States should also ensure subject matter competence. There are two ways to do this: requiring teachers to major in the subjects they teach or requiring them to pass challenging tests of subject matter knowledge. Neither method is perfect. Obliging all teachers to major in the subject they will teach may -- regrettably -- set the bar too low. At some universities, one can graduate as a history major without learning much of the history we'd expect a high school history teacher to have mastered. The same is true of other academic majors. And a minor is unlikely to reflect any subject mastery. On the other hand, a prospective teacher who graduates in, say, American studies may have learned ample history or literature to be an outstanding history or English teacher, even though his diploma doesn't actually say "history" or "English".

Such variation in college majors tempts us to embrace testing as a more reliable measure of preparedness to teach. The value of any test, however, hinges on its content, rigor and passing score. Our instinct is to set those cut-offs as high as possible. But since tests are an imperfect gauge of teaching ability, some applicants will fail the test yet possess superior teaching potential. We all know individuals whose other qualities would cause them to be effective with children even if they do poorly on a paper-and-pencil test of knowledge. That is why we are wary of putting all the education eggs in the testing basket or making a certain fixed score an absolute prerequisite to being hired.

Neither academic majors nor subject test scores is a faultless means of assuring that teachers possess the requisite knowledge and will be good at delivering it. But either strategy is superior to today's widespread disregard of subject-matter mastery.


Putting principles into practice


The common sense strategy for improving teacher quality is surprisingly straightforward: states should empower principals to employ teachers as they see fit, and then hold those principals to account for their schools' results. Since every regulation that restricts entry to the profession excludes some potentially good teachers from public education, regulation should be reduced to the bare minimum.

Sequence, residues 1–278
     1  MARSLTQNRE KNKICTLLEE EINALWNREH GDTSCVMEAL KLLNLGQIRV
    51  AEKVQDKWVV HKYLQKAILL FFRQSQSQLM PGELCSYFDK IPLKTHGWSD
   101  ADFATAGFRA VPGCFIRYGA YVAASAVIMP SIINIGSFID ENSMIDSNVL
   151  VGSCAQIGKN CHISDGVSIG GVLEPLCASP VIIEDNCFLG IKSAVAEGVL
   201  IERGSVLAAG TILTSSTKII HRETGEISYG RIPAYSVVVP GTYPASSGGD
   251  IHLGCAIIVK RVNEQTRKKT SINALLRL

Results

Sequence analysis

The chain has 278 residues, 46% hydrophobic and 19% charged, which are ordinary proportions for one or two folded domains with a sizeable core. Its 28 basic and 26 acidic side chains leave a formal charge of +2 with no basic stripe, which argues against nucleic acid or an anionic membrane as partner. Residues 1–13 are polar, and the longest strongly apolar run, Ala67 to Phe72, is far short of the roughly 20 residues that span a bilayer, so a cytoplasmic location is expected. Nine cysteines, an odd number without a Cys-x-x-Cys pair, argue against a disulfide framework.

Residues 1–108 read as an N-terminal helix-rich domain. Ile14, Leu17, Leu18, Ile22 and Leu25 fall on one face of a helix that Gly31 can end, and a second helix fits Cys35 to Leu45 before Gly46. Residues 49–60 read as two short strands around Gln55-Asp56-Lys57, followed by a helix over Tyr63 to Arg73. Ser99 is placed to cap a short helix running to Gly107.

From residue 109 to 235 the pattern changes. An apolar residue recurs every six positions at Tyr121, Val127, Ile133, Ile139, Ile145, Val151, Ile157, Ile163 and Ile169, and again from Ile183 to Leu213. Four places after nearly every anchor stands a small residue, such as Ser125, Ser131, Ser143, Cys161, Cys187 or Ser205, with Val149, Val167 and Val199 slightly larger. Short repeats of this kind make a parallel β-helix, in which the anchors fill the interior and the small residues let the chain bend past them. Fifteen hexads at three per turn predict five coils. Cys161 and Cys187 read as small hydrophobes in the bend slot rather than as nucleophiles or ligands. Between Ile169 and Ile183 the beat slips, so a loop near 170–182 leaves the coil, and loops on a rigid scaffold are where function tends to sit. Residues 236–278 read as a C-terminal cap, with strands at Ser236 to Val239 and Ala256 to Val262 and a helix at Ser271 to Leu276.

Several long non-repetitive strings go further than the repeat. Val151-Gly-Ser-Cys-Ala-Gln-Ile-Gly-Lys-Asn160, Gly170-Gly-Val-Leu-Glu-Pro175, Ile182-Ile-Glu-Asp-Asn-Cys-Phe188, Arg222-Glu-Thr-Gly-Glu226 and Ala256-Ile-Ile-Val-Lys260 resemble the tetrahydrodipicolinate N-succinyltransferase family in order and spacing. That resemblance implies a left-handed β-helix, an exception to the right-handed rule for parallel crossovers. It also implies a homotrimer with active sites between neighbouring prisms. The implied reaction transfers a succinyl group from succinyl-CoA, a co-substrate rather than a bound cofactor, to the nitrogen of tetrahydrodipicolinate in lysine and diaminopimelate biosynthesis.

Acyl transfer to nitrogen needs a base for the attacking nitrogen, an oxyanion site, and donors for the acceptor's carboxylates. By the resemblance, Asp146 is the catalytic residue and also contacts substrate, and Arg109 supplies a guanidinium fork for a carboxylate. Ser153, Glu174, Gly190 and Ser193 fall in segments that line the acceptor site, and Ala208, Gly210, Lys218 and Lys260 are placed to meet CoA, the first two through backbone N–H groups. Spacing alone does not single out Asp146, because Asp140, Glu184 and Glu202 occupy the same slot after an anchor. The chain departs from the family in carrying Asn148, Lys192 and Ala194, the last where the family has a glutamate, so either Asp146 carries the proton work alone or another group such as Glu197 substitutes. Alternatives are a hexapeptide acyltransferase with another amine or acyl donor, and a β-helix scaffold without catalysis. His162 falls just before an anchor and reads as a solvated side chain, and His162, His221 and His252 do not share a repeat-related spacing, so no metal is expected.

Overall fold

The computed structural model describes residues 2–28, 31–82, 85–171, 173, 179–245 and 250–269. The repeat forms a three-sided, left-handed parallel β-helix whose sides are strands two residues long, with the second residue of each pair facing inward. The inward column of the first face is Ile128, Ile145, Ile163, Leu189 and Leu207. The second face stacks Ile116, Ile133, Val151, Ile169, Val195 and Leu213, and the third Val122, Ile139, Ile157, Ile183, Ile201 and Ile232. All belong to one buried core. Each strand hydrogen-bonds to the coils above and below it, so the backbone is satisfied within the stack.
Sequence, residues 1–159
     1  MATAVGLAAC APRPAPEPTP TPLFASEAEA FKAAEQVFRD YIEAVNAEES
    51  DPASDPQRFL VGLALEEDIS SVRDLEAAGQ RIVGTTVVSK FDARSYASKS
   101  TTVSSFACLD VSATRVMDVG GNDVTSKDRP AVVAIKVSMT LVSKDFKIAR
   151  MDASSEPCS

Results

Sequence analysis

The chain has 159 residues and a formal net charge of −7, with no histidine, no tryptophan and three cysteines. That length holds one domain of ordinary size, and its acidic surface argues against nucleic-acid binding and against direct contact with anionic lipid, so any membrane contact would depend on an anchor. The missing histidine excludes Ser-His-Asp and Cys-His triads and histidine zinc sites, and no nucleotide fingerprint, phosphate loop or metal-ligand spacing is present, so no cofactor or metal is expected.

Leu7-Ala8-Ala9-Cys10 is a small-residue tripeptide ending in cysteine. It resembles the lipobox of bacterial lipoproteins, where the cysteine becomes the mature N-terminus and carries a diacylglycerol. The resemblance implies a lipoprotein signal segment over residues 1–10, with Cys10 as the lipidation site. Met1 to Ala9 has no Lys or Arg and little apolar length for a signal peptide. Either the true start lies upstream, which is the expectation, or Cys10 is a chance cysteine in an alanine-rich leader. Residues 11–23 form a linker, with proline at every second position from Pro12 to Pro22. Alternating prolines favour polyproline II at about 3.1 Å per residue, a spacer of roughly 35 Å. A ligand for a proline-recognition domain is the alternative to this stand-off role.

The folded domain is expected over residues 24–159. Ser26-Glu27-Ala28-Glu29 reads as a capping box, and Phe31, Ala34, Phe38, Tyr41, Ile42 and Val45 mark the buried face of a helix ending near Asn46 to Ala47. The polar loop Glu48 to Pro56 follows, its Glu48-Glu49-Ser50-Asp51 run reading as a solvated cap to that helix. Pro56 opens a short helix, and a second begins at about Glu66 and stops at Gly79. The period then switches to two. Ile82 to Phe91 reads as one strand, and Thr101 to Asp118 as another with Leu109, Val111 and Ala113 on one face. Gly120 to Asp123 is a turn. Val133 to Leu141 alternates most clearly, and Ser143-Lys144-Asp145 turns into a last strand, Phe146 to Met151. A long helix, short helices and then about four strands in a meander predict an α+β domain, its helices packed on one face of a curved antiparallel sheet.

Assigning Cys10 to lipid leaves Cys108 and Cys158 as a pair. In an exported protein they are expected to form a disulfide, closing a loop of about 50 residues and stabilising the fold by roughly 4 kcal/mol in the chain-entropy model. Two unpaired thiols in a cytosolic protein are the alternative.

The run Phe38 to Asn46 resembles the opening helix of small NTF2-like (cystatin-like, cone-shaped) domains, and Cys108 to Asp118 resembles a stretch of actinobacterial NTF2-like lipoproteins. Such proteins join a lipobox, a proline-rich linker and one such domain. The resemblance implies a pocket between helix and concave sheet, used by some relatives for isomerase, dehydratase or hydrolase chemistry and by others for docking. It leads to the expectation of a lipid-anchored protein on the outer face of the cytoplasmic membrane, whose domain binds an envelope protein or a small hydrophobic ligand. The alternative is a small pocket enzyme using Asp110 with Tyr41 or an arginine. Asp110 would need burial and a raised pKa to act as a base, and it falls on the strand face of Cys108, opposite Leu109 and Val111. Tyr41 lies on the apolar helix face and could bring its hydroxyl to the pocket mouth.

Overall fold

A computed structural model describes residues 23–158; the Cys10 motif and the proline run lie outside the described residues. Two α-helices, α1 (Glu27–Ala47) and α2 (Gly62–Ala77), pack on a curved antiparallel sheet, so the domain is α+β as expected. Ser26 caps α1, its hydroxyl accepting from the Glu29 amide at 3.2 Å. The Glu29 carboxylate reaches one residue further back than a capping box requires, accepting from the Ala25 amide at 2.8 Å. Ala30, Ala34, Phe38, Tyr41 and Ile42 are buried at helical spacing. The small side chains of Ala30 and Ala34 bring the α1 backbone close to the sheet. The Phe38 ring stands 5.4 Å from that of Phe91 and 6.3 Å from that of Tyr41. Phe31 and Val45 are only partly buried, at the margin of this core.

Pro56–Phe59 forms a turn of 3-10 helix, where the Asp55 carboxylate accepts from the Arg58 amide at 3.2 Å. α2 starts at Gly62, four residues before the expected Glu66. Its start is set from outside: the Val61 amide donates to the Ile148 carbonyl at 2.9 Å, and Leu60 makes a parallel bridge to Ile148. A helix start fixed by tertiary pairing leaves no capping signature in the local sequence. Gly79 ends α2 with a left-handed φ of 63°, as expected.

What would state policies look like if based on these assumptions? Four are key.

1) States should develop results-based accountability systems for schools and teachers as well as students.

States should have accountability systems operating at the student, classroom, and building levels. School-level accountability involves measuring pupil achievement and issuing report cards for schools. Such information should be disseminated to students, parents and the public. States should reward successful schools and should have -- and use -- the authority to reconstitute or otherwise intervene in failing schools. They may also institute market-based accountability via various forms of school choice.35 States must also define the role that school districts will play in these accountability systems.

Principals need accountability, too. Their jobs and salaries ought to be tied to their schools' performance. But they need the information by which to hold their faculty and staff accountable. The state can help by providing student achievement data, disaggregated by teacher, like those generated by the value-added system that Sanders developed for Tennessee.

2) States should empower school-level administrators with the authority to make personnel decisions.

Authority must accompany accountability. All key personnel decisions (including hiring, promotion, retention, and compensation) should be devolved to schools. Quality control should be the responsibility of school leaders, who have freedom to hire from a wide pool of teaching candidates and pay teachers based on marketplace conditions or individual performance. States should pass whatever legislation is needed to assign all these decisions to the school level.

Teacher tenure ought not be allowed to interfere. Multi-year contracts are far preferable. It must be possible to remove incompetent teachers at reasonable cost and within a reasonable period of time, without sacrificing their right to due process protection against capricious and ad hominem treatment.

States should encourage differential pay so that schools can pay outstanding teachers more. It should also be possible to adjust teacher pay for labor market conditions, subject specialty, and the challenge of working in tough schools. A flexible salary structure would allow paychecks to respond to marketplace signals while creating financial incentives for excellent teaching and practical sanctions for poor teaching.